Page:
Key decision are expected in June around EU-wide limits for air pollution.
Here we explain why air pollution is a problem and what’s on the table to tackle it.
What is the position with air pollution in the EU?
The World Health Organisation and environmental NGOs say it’s a major problem, causing an estimated 400,000 early EU deaths in 2010.
A report by the European Environment Agency claims up to a third of the bloc’s urban population is exposed to air pollution that exceeds EU limits.
What’s being done about it?
Stricter laws aimed at tackling air pollution in the European Union – officially referred to as the National Emission Ceilings Directive in Brussels talk – are currently on the negotiating table.
It comes after many EU states, including the United Kingdom, breached existing air pollution limits.
How will the new laws change things?
The legislation proposes adding two new pollutants not covered by existing laws: methane and fine particulate matter.
They will introduce new, post-2020 emission reduction commitments for these two pollutants, as well as sulphur dioxide, ammonia, nitrogen oxides and volatile organic compounds.
The aim is to align legislation with the EU’s climate change targets, which includes a commitment to reduce CO2 emissions by 40 percent by 2030.
Where do some of these pollutants come from?
Fine particulate matter, PM2.5 and PM10, are produced by engines and the burning of fuel. They are now considered more harmful to people’s health than originally thought – hence their introduction into this proposed legislation.
VCD, a German NGO, said in a report that around 56 percent of PM2.5 produced in Vienna came from road traffic.
Nitrogen oxides are also produced from the burning of fossil fuels. Like fine particulate matter, they are considered among the most worrying pollutants for human health.
A study last year found nearly 9,500 people die early each year in London due to exposure to nitrogen oxides and particulate matter – twice as many as previously thought.
It comes after Volkswagen admitted cheating emission tests around nitrogen oxide levels in its vehicles – meaning more pollutants were pumped into the air than previously thought.
Ammonia emissions come mainly from agriculture (90%), particularly from chemical fertilisers and manure, forming particulate matter.
Methane is a powerful greenhouse gas which is the precursor for ozone, a pollutant linked to respiratory problems and early death. Around 40 percent of EU methane emissions come from the agricultural sector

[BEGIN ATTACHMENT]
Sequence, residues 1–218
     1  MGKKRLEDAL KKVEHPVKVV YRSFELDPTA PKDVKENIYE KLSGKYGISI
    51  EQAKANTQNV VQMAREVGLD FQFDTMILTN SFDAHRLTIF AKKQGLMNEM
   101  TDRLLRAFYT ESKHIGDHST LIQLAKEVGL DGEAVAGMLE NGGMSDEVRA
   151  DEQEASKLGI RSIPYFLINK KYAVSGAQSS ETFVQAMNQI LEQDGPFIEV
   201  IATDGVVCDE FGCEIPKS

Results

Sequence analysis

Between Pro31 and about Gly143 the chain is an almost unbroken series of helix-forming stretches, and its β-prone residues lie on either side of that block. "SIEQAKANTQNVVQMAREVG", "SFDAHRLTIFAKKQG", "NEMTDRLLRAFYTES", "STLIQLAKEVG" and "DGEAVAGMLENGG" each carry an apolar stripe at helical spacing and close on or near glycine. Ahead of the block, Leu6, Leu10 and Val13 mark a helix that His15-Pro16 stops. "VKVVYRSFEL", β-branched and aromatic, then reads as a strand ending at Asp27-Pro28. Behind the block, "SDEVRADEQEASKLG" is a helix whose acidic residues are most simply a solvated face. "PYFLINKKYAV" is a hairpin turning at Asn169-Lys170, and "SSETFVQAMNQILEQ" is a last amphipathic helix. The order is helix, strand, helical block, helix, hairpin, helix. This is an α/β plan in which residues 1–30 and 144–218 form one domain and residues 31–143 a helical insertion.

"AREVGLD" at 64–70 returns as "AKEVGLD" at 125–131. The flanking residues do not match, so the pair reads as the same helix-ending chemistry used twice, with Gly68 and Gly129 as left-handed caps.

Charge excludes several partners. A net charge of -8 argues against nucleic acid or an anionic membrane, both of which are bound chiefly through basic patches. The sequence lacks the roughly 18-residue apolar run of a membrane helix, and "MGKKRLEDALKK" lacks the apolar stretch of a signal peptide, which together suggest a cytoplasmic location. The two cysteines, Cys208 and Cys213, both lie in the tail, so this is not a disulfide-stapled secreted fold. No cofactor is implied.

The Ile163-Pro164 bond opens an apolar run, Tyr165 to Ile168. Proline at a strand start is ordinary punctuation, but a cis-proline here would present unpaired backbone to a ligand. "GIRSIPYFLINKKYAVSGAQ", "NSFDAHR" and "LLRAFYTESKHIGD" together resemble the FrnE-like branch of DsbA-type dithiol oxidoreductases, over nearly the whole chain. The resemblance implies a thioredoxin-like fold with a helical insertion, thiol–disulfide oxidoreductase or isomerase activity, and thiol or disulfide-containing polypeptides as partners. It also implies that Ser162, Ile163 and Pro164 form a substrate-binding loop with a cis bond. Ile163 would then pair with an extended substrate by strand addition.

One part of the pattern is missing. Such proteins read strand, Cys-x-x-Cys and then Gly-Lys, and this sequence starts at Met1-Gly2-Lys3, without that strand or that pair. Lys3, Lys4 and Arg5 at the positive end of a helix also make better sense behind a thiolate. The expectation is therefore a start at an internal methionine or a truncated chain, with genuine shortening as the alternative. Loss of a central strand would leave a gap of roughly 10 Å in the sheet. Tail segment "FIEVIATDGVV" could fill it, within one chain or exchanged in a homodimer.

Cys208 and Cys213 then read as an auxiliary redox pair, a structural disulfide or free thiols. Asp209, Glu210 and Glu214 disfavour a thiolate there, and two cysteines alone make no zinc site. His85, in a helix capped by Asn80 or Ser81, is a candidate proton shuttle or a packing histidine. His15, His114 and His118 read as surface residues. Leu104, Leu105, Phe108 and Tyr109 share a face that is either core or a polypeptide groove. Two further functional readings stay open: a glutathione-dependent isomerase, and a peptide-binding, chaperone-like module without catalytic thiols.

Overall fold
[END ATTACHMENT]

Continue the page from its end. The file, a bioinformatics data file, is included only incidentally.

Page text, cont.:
When will the new laws be decided upon?
The plans were introduced in 2013 and have so far passed via the European Parliament and environmental ministers from each EU state.
After talks involving key Brussels institutions on June 8, EU states’ environmental ministers will set out their positions publicly on the legislation on June 20.
It comes as the mayors of London and Paris have signed a joint letter urging their respective governments to back ambitious air pollution targets.
What do environmental NGOs say?
They are concerned the laws will be weakened.
The European Environment Bureau says Denmark, Romania, Poland, Italy, Spain, the UK and Bulgaria have been especially vocal in pushing for targets to be reduced.
It claims Germany and France, to help industrial farming, want to cut limits for ammonia, which, along with methane are major contributors to the most dangerous pollutants to human health, particulate matter and ozone.
Copa-Cogeca, which represents European farmers, has said EU decision makers must strike a balance between tackling air pollution and the viability of farming.
What are the key areas to be thrashed out?
The EEB says the European Council, which, in this case, will be made up of member states’ environment ministers, wants to reduce the overall ambition of the legislation, measured in terms of health improvements. The NGO says this would result in 16,000 premature deaths every year, according to European Commission data.
The European Parliament wants legally-binding air pollution limits set for 2025, rather than later, something which the Commission and Council opposes.
The Council also wants to omit methane from the legislation, something that the Parliament and Commission will try and resist.
EEB also says the Council wants to introduce ‘get-out-of-jail-free-cards’ for the legislation, which would allow member states to average out their emissions over three years, to allow for extreme weather conditions.